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Driven to shame by example
Seattle Times staff columnist
Big thanks to Kent Peterson and his family.
They have convinced me beyond reasonable doubt that I am a wasteful, consuming slug. The Petersons live in Issaquah, a land ruled by cars — but don't own one. According to Sunday's story by Times reporter Sonia Krishnan, Kent bikes to work in Seattle; his wife, Christine, walks 25 minutes to work in Issaquah; and their two sons walk to school.
I own two cars — one of them a station wagon. And I'm not hauling around the Brady Bunch or sides of beef.
Rather, my car is a rolling storage facility, filled with clothes to be donated, shoes to be repaired, bungee cord to strap more stuff in, and a folding field chair on which to place my fat butt on the sidelines.
And there's this: I drive five blocks to my running path.
"And you're willing to confess that?" asked Lawrence Axil Comras, president of GreenHome.com in San Francisco, which offers kits and products for "greening" homes. "You're a brave soul. But I forgive you."
You sure? The other night, we set out for an after-dinner walk, which meant, of course, first getting in the car.
"We're driving?" my son asked.
Who are you, I thought, Laura Ingalls Wilder? Get in the car and buckle up. Along with the gas and insurance it was costing me to go on this carefree stroll, I didn't want a click-it ticket.
But then the guilt set in, first during the new movie "Over the Hedge," which offers the forest-creature view of our unbridled consumerism.
"Wow, it's huge!" the porcupine says.
"How many people fit in there?" the squirrel asks.
"Normally," the raccoon says, "about one."
Al Gore may be on to something: "We are entering a period of consequences."
In other words, if we don't clean up our act, our kids will have to deal with it.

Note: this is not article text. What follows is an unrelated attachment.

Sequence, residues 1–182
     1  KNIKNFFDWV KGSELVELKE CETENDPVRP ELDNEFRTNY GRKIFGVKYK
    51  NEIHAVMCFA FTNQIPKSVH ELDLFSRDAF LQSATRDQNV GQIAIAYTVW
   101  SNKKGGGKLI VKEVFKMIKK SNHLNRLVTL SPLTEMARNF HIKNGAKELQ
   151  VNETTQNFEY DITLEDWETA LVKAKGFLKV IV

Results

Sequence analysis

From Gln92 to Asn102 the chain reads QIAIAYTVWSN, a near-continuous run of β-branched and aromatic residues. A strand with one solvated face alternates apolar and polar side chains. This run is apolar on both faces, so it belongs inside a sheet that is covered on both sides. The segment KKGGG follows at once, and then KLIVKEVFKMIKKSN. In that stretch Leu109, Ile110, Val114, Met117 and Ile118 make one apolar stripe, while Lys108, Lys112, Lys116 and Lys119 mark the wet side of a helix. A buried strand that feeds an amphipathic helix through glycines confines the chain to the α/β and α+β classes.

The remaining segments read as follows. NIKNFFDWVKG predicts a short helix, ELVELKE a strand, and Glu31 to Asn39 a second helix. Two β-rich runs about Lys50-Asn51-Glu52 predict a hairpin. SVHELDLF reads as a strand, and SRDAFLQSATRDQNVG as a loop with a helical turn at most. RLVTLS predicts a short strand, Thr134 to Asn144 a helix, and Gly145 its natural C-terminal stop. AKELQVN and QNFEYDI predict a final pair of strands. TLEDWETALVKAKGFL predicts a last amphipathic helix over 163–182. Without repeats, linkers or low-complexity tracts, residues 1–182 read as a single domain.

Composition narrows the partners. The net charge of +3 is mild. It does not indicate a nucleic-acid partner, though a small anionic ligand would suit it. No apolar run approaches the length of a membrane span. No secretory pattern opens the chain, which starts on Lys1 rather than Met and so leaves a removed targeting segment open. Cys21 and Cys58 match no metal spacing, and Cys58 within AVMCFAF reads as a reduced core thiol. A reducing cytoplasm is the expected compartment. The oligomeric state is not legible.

So I tried to remember a time when I walked everywhere. It was when I didn't have a license, which makes walking seem like child's play.
Now we don't make the time to plan a bus ride or take one. We don't think ahead on what we need to buy, or whether we could carry stuff home from the store. We just mutter "next time," and grab the keys.
Meanwhile, people like Comras are "greening" places like the Fairmont Hotel in Santa Monica. He persuaded them to switch to green-cleaning and recycled paper products and a food-composting system that reduced their waste by half.
I confessed to Kent Peterson that I drive to my running trail. He laughed.
"That is one of the things that my wife points out as one of the silly things that people do," he said. "Her exercise is just built into the day."
So how do I change?
"I'm not a role model, but I guess the biggest advice is that if you're doing something every day that you don't like, figure out how you can avoid that."
I already knew. Walk to run. Walk to the store. Canvas bag. Shop smart.
Thanks, I told him, and if you ever need to borrow my car ...
Nicole Brodeur's column appears Wednesday and Sunday. Reach her at 206-464-2334 or email@example.com.
Give up the P1800? Never.
Copyright © 2006 The Seattle Times Company